"In many organisations today, the CFOs and CTOs often work closely together to bring new technologies into the organisation. As a result, today's CFO has to be far more technically savvy than in the past and to be fairly competent in looking at both the application and infrastructure side of the business."
This IT-minded CFO believes that, given the pace of business and the competing demands on the time of the CEO, today's CFO has the role of the "sanity checker" and can be considered the "last line of defence" in ensuring the organisation's decisions are fiscally sound.
"Knowledge about IT issues and trends is vital to ensure visibility across the entire organisation and to be able to adopt and implement some of today's clever IT tools which make the CFO's role manageable," he said.
As to major challenges facing CFOs in today's Business-IT integrated world, Goel says making the right decisions in allocating the organisation's scarce resources to the plethora of IT options available is near the top of the list.
"Distinguishing between 'must-have' and 'nice-to-have' solutions is difficult at the best of times," he said. "Given the shortened technology release cycles, CAPEX decisions made in one quarter, may be seen as obsolete in the next.
"Guiding the organisation to prioritise value-added solutions which can be implemented within the allocated budget and ensuring the ROI on the business case is actually achieved in practice, after considering all implementation overhead, is also particularly challenging."
Another pitfall in the work of today's CFO is getting organisational buy-in to implement a solution that has been selected by the senior management team. Goel said the CFO ultimately desires various financial and management reports, but these reports are based on the input from the rest of the organisation.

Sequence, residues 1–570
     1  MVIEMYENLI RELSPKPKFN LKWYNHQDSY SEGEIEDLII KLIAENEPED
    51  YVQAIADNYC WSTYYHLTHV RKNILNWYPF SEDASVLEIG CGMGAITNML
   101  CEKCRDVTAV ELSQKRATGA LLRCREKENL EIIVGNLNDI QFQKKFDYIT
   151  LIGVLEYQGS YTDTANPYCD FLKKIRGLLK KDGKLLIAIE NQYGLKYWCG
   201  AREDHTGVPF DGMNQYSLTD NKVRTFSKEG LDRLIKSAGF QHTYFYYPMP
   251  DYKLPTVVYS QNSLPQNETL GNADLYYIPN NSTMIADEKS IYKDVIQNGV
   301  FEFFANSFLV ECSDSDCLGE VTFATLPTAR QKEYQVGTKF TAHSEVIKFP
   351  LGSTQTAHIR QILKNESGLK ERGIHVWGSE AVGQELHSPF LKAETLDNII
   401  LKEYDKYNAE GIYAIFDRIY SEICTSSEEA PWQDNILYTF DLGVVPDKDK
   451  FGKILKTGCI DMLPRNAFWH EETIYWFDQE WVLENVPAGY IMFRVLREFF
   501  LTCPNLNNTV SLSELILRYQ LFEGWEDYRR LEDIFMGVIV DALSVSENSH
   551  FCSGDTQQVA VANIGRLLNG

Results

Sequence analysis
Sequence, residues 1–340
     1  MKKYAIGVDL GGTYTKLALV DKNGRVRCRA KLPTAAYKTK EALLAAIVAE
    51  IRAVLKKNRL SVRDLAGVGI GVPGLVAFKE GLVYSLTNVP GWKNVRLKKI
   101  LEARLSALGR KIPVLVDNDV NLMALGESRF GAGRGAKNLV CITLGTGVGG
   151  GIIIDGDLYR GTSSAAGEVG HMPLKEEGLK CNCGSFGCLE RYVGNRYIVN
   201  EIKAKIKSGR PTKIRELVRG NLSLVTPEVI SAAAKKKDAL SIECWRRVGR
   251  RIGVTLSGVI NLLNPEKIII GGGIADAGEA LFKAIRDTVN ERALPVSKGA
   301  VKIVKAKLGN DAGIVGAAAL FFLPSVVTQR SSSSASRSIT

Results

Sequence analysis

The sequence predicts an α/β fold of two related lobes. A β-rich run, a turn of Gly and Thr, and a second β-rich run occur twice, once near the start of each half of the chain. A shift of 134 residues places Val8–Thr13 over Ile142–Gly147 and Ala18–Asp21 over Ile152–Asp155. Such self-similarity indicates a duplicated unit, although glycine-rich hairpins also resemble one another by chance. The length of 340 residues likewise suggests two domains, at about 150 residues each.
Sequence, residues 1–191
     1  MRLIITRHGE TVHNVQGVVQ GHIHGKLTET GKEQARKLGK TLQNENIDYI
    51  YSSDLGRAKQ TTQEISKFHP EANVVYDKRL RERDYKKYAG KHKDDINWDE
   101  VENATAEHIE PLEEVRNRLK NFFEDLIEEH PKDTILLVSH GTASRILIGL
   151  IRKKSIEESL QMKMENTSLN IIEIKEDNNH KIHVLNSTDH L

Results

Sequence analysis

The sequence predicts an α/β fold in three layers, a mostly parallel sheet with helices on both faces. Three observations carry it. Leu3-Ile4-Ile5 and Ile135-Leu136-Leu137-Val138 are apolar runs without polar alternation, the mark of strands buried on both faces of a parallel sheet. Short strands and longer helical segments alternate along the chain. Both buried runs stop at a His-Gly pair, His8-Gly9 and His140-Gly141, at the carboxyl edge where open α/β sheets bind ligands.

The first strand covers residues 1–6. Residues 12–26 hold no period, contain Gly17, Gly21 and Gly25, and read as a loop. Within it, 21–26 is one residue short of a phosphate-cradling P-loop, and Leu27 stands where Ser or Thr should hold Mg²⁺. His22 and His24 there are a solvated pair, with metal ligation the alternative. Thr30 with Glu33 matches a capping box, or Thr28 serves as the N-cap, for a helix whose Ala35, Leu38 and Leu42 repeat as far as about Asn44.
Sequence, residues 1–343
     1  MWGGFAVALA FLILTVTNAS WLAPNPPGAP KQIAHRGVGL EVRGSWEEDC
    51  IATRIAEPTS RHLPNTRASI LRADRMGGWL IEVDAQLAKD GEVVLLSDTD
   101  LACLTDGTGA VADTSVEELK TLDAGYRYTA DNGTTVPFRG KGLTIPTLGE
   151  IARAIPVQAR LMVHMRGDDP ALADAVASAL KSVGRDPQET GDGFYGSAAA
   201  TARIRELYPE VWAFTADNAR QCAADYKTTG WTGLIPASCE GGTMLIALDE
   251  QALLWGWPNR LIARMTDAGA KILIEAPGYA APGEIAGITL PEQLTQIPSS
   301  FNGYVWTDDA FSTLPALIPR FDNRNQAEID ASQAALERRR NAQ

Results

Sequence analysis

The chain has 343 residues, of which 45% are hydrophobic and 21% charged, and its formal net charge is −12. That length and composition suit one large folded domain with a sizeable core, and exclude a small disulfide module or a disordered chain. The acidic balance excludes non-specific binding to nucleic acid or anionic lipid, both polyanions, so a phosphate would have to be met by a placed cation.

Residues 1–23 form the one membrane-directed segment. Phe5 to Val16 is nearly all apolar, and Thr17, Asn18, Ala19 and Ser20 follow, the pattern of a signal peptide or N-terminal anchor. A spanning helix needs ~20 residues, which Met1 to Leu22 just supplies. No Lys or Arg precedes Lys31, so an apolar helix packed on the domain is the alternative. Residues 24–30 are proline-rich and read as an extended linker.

Then there's the issue of managing shareholders and raising additional rounds of funding from investors in spite of revenue falling short of previously committed targets.
"Maintaining credibility with investors whilst simultaneously protecting the management team is difficult at the best of times, and is even more challenging in IT organisations where things may not have gone exactly to plan," Goel said. "IT plans and projects are notorious for slippage. Being a bridge to communicate the reasons for the slippage and still asking investors to 'keep the faith' is a challenge."
"By involving the CFO in ideas early, with informal briefing as to how the latest technology will benefit the organisation's ROI, the CFO can be more informed when making financial decisions."
Three Key Issues for today's CFOs
(1) Globalisation and cross border transactions mean dealing in multiple currencies, legal jurisdictions and varying sovereign regulations. Knowing the particular business practices in each country is essential.
(2) Constant change and uncertainty is a given for today's CFO. The velocity of today's business requires the CFO to have an ability to juggle numerous initiatives simultaneously and rapidly shift priorities.
(3) Tightening credit markets and shrinking customer wallets are the reality of today's financial markets. Having the foresight to ensure that an organisation can continue stress-free, should economic conditions deteriorate, is vital. Maintaining positive relationships with credit providers will ensure that the CFO protects the organisation in times that are less favourable for business.